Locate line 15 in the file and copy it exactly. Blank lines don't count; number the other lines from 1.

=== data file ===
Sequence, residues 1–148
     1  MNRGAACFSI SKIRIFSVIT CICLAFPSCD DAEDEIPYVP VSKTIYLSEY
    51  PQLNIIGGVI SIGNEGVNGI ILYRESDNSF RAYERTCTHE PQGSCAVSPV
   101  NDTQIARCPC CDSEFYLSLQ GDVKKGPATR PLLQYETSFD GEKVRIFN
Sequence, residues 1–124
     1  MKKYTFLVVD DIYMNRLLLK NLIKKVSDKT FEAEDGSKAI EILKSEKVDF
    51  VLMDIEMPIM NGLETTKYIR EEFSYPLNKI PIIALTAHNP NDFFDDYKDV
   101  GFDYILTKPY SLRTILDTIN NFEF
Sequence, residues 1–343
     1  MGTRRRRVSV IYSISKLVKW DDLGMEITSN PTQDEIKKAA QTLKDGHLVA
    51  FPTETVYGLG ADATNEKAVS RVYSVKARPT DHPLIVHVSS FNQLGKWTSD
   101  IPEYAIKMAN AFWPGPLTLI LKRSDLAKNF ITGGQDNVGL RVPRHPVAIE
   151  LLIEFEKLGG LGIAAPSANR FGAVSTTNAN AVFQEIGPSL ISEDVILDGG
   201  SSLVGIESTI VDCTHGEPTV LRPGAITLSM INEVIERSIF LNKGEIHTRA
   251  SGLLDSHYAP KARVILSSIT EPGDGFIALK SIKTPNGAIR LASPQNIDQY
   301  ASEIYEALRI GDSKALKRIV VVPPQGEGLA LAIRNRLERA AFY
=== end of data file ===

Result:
   251  SGLLDSHYAP KARVILSSIT EPGDGFIALK SIKTPNGAIR LASPQNIDQY